I appreciate Sharon Weinberger’s thoughtful three-part response at Wired’s Danger Room (Part I, Part II, Part III) to my interim paper “Rethinking Smith-Mundt” over at Small Wars Journal. Several points in her impassioned response deserve attention. However, to begin, it is important to understand that researching and writing “Rethinking Smith-Mundt” was more than an “esoteric” pursuit. Derisively labeling our adversaries exploitation of information as “asymmetric conflict” as if it was something unfair, we clung to our guns as it were as we continued to imagine a bureaucratically controlled global environment (more on asymmetry here). However, even as the Russians roll into Ossetia and Sarkozy recreates the part of Chamberlain, the Russians have not neglected the power of information to affect foreign public opinion. They have used cyber-warfare to block access to Georgian information while actively propagating Russian messages and images.
The fact of the matter is we have just begun to realize that the comfortable world we, as Americans, grew accustomed to since the late-1960’s and early 1970’s, is gone. The global information environment, with its satellite communications, 24/7 news, text messaging, and immediate access to video and images has substantially reduced the autonomy of leaders provided by the raw, supreme power of militaries provided over the last four decades. With few exceptions, war is no longer war among leaders but among the people and between the people. Small groups now have an amplified voice and strategic reach to run the show. Increased communications skills of our adversaries better leverage the digital age, as well as the analog age’s culturally attuned rumors, has changed the objective of war. Whether restricting access to information through cyber-warfare, inserting distortions into the information ecosystem with distortions, the purpose of conflict has become not to destroy the enemy while preserving oneself, but a contest “in spirit, will, and intelligence on a silent battlefield.” Conflict through bullets or economies is transformed as “attitude warfare” or “perception warfare.” It is now organized processes of persuasion.
The U.S. Government, consultancies, and the presidential candidates are all finally realizing the tremendous value of information and the informational effects of policy and actions. While bureaucratic inertia has prevented systemic changes for years, this may be changing. There are several major reports, and a couple of pieces of draft bills, that look to revamp America’s architecture of engagement (think variations on USIA 2.0). Virtually any discussion on restructuring America’s informational engagement with the world includes at least one (almost always) erroneous statement on Smith-Mundt. “Rethinking Smith-Mundt” was written with this in mind.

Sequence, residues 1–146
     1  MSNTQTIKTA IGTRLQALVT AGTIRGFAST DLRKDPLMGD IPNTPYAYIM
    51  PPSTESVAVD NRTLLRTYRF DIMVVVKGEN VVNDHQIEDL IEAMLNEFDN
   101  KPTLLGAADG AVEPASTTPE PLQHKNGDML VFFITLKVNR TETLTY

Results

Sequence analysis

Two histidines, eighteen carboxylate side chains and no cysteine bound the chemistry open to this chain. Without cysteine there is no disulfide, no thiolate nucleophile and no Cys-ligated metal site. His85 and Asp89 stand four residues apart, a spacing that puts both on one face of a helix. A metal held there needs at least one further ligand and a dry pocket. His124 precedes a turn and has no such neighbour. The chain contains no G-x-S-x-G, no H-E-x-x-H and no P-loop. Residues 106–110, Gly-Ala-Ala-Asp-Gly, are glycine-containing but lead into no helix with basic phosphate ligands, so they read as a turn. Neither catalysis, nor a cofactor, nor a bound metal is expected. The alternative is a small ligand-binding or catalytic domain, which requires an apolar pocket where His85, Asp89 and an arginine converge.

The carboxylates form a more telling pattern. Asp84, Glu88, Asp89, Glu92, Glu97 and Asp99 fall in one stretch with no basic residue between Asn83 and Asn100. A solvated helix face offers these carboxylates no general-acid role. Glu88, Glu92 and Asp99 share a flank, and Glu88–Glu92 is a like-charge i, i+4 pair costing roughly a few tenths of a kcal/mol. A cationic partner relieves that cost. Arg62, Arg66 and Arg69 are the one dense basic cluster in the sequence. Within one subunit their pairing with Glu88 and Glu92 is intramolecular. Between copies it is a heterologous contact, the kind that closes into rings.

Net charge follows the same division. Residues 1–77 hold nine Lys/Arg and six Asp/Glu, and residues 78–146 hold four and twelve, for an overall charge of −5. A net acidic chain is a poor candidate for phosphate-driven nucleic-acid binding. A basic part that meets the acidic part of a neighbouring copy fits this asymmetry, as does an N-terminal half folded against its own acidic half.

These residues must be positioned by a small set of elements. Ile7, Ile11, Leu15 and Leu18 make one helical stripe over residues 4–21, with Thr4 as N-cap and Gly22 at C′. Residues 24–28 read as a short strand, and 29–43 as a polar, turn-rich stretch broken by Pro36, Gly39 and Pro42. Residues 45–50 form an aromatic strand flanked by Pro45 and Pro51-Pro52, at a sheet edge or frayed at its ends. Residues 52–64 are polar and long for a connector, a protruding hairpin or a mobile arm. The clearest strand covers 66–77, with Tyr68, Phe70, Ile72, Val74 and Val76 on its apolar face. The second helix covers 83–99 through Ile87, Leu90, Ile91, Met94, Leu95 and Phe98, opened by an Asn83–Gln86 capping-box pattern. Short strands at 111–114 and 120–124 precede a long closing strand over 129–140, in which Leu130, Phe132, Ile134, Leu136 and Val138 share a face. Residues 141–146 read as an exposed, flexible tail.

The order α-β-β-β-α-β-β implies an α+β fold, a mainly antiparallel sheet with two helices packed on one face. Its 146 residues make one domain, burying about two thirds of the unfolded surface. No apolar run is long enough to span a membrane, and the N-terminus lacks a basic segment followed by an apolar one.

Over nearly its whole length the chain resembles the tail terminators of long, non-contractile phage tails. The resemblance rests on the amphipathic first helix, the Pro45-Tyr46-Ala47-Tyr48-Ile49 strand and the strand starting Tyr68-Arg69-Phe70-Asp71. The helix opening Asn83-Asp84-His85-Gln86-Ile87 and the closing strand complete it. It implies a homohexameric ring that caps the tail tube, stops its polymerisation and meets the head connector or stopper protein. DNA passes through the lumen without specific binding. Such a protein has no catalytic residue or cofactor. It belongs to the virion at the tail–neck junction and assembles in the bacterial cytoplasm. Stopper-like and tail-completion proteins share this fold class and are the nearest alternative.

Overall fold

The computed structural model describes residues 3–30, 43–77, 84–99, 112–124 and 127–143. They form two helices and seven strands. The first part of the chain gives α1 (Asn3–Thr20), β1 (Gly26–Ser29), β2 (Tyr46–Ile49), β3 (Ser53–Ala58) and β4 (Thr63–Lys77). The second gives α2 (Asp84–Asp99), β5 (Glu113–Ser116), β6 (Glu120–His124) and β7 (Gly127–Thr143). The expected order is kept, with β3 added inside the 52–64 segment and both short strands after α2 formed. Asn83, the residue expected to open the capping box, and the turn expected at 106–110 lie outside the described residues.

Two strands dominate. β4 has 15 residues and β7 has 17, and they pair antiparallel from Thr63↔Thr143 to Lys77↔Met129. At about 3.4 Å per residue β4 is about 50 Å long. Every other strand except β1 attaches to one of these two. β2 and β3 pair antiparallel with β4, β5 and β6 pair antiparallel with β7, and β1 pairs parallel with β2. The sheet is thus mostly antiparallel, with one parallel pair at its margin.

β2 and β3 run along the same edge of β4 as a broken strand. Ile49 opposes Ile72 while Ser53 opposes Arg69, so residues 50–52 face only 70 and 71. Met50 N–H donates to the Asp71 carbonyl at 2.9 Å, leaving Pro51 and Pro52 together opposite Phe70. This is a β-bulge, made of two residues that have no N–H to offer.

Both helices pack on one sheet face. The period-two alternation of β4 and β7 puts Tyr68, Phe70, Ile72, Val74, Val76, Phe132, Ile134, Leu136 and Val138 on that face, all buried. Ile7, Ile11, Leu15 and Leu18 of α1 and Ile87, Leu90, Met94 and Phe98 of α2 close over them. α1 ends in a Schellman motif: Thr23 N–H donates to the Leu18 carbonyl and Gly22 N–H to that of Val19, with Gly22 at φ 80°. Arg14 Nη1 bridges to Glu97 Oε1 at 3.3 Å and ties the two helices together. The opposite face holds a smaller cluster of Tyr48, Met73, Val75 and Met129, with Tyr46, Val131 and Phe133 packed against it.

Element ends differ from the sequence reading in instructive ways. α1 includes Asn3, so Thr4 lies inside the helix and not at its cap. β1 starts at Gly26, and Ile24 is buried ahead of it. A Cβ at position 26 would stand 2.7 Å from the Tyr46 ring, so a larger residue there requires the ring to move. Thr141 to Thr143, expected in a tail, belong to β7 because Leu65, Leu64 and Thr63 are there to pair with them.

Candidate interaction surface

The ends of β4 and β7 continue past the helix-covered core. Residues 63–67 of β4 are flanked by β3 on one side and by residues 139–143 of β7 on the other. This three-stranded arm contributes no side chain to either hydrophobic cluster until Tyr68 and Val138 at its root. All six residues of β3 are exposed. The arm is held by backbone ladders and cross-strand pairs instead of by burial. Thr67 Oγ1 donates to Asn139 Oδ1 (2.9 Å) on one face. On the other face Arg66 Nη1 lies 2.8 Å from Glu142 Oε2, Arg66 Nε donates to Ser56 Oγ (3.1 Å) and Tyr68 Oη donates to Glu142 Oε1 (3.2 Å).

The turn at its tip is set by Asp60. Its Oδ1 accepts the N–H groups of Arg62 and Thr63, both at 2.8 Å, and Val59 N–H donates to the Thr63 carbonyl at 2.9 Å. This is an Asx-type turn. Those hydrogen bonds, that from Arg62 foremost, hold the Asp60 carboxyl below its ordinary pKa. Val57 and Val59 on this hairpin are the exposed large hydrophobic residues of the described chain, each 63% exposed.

As described in “Rethinking Smith-Mundt,” the Act was written and debated during a time when “hot war” was unlikely between the major powers, a time before “Us” and “Them” were firmly established. But this was not the Cold War so many invoke today (it was not 1968) with massive military power at the ready and missiles aimed at the other’s capitals. Economies were not substantially linked and the key threat was not invasion but subversion. As our Ambassador to Russia said in 1946, the most important “fact in the field of foreign policy today…is the fact the Russians have declared psychological war on the United States, all over the world.” It was, he continued, “a war of ideology and a fight unto the death.” The struggle for authority and relevance had shifted from the arena of power to the arena of ideas and international persuasion.
However, Sharon’s impassioned critiques of my recommendations are based not on the lessons learned from the past, of a holistic approach to informational activities based on truth. Her comments are based on a selective, band-aid approach to the modern beauty contest known as public diplomacy today. I know we both agree that what is called “public diplomacy” today is broken. Many believe the term itself has become so burdened to be nearly as radioactive as “propaganda.” Even the United States Advisory Commission on Public Diplomacy rebuked the State Department for not tasking its public diplomacy officers with “public diplomacy.” Sharon experienced this and the failure of the bureaucracy to even comprehend “public diplomacy” during her brief stint as a Foreign Service Officer.
For a high-level thematic response to Sharon’s posts, see Steve Corman’s Real vs. False Distinctions in Rethinking Smith-Mundt. As Steve notes, Sharon is concerned about an “anything goes atmosphere.” I share this concern, which is why I want oversight and transparency, two elements previously central to the Act (related: 1948 Brookings report). TO be honest, “Rethinking Smith-Mundt” was less about modern recommendations than about dispelling myths about the Act. It was more about finding (surprising) common ground with history for today’s policy makers and report writers. The similarities between past and present were implicit as I didn’t want to bang the reader on the head in an already long and dense read. With that, below I go into more detail to respond to two of Sharon’s more significant of assertions.